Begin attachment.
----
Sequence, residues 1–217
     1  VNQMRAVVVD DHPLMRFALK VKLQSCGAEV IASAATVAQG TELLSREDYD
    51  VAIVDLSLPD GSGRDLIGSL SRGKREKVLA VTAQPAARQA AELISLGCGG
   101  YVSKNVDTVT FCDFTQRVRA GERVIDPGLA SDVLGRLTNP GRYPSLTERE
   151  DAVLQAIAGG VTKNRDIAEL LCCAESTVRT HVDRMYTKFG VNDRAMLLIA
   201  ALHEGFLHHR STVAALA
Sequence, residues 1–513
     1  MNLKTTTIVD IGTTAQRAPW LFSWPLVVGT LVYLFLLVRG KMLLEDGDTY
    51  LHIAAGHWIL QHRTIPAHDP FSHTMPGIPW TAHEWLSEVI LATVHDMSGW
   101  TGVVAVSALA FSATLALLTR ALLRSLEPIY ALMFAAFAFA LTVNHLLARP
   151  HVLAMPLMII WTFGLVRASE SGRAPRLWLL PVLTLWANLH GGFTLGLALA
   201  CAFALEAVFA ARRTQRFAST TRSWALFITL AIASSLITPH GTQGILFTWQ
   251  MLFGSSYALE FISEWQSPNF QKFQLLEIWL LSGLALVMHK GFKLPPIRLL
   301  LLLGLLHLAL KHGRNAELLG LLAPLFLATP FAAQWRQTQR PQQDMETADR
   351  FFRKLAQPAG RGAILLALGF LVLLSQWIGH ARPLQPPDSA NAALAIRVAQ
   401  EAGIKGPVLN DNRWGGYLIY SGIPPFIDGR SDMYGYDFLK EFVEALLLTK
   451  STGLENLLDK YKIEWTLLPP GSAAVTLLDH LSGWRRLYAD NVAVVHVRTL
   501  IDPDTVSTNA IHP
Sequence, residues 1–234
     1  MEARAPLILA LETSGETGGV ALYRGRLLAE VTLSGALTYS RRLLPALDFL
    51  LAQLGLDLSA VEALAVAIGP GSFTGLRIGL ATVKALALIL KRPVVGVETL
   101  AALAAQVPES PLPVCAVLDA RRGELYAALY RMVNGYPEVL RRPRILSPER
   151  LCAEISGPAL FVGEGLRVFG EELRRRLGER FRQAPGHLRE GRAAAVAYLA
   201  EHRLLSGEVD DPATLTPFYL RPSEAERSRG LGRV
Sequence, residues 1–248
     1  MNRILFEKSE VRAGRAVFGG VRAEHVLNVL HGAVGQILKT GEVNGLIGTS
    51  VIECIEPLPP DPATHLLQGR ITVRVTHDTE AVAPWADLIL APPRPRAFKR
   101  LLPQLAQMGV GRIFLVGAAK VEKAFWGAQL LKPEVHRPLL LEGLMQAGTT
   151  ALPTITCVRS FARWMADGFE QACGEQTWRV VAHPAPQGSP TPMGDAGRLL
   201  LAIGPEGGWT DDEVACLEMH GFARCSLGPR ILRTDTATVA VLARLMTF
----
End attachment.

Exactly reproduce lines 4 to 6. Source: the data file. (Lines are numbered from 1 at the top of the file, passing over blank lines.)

   101  YVSKNVDTVT FCDFTQRVRA GERVIDPGLA SDVLGRLTNP GRYPSLTERE
   151  DAVLQAIAGG VTKNRDIAEL LCCAESTVRT HVDRMYTKFG VNDRAMLLIA
   201  ALHEGFLHHR STVAALA